I used two or three strips at a time, and laid them out flat. Then I brushed the glue mixture over the strips until they were pretty wet.
Take the strips and wrap around the top of your cone. It’s going to be messy and wrinkled and sometimes they even rip. That is okay! It’s going to give your cone a realistic look when all is said and done.
Use your paintbrush and add a little more glue mixture to smooth down the strips as needed.
There were two different techniques I used with the tissue paper. One was to fold over the top, as shown below. This gives your birch nice tree rings as you work your way down the cone.
The second technique is to pull and stretch your strips so they wrinkle up. Then layer around the cone. This also gives a nice realistic look to your tree.
Continue to alternate these techniques as you make your way around and down the cone.
Be sure to take your paintbrush and glue mixture and smooth out the strips as you add them (you can also use your fingers to do this…they’ll just get very messy and sticky towards the end).
Here’s what your cone tree will look like at the end.
This whole process takes about 10 minutes per tree. You do need to allow these sufficient time to dry before you move on the next steps. I stuck all of mine on the floor vents and let them dry overnight.
Once your tissue paper has dried, it’s time to add paint. You will need your gray and tan paint first.
I already had both of these colors from previous projects, so that’s what I used.
All you need is one paintbrush–it’s that simple.
Start at the bottom and just swipe the paint on using back-and-forth brush strokes. I did this until the brush started to dry out (this gives it that natural tree-bark look anyway) and then I added the next color.
I repeated this process of adding gray, then tan, all the way around the cone to the top.
Give it about 10-15 minutes to dry and then you can start to add your tree knots and bark texture.
Adding knots and bark
I used a mixture of broken up pine cones, twigs, and crushed dry leaves for this. I had previously taken apart an old grapevine wreath to make my new Christmas wreath, and the timing could not have been more perfect, as it made a holy mess, and all of that natural bark and leaf matter was swept into a little pile and used for these cone trees. Now, I’m assuming you haven’t necessarily been wreaking havoc on a wreath, but no fear, you can still acquire said supplies by heading out in your own back yard and picking up some dried leaves and sticks and twigs.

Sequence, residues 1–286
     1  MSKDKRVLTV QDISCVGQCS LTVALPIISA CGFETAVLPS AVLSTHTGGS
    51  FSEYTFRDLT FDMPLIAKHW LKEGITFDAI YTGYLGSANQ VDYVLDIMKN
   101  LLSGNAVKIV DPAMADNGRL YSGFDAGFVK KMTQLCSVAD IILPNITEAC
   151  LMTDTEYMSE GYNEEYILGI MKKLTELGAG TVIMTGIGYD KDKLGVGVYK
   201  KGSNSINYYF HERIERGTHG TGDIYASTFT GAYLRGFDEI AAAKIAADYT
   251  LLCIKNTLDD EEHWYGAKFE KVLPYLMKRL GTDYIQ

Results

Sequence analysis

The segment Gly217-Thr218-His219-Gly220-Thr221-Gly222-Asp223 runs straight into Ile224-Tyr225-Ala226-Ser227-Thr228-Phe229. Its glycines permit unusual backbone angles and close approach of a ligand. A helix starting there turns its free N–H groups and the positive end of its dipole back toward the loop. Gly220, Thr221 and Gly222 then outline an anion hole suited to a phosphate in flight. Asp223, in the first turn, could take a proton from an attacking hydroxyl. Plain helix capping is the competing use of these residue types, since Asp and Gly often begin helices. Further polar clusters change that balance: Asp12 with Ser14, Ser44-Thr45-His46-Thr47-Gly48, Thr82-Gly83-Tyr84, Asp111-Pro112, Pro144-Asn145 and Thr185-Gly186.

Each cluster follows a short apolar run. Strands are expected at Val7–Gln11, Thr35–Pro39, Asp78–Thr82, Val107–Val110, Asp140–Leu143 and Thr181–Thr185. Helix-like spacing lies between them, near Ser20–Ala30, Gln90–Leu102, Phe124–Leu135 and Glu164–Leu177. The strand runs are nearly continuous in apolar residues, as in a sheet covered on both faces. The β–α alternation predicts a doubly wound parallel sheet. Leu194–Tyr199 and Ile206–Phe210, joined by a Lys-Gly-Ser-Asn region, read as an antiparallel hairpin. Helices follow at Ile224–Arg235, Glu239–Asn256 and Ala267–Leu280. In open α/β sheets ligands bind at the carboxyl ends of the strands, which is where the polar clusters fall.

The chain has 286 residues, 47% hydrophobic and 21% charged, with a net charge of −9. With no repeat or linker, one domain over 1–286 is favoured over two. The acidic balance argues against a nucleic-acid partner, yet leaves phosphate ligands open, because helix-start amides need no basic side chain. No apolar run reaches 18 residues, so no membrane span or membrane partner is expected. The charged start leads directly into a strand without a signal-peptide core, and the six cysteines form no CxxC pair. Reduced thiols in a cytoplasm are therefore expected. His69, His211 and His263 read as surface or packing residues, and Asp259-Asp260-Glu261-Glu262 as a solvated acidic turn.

Or if you’re worried about little critters, you can just open that store-bought bag of pine cones, and break down a few into bits and pieces.
Funny little side note: I had a somewhat serious conversation with Hubs about whether or not our food processor could possibly break down a pine cone into tiny bits and pieces. I was seriously asking, and Chef Hubby was seriously disturbed that the conversation was even occurring. And somewhat concerned I would try it.
I did not.
…But I do think it would work. Just saying.
Use your hot glue gun to add a sort-of misshapen circle or oval (I swiped my glue gun back and forth to get this shape).
Then add your dry leaf/twig matter. Press down a little to make sure it is all sticking in the glue (because you will be painting over it later and don’t want it to come off).
Continue to add little knots and bark texture here and there around the cone. Vary their shapes and sizes.
Here’s a look at the how I spaced mine out (the two in the back are finished products).
Final Coat of Paint
Now it’s time to add your final coat. This time you will use your white paint. Again, you are going to use the same dry swiping method as before.
Be sure to paint over your dry leaf/twig matter.
Continue all around and up your cone until you have completed it. You can see I now have three nice white birch cone trees. This is a relatively quick process. It took about 10-15 minutes and these trees were done.
Adding Your Snowy Top
For your Snowy Top, you’ll need white glitter, a clear vase filler, and glue. Now, I tried both tacky glue and hot glue to see which one I liked better. For this part of the project, I liked the tacky glue a little more simply because I could smear it the way I wanted, and it caught more glitter. Either will work though, so you can pick your preference!
Cover your tip with either hot glue or tacky glue. Sprinkle with glitter and roll it in the vase filler. Repeat this until you get a snowy top you are happy with.
Here’s an example of the hot glue gun (it tends to look a little more icy).
Here’s an example of the tacky glue, which tends to look more snowy.
Like I said, I really preferred the snowy top more, and ended up taking all of my trees and re-glittering them using the tacky glue. I was very happy with the way they turned out!
I hope you find some birch trees in your near Holiday future!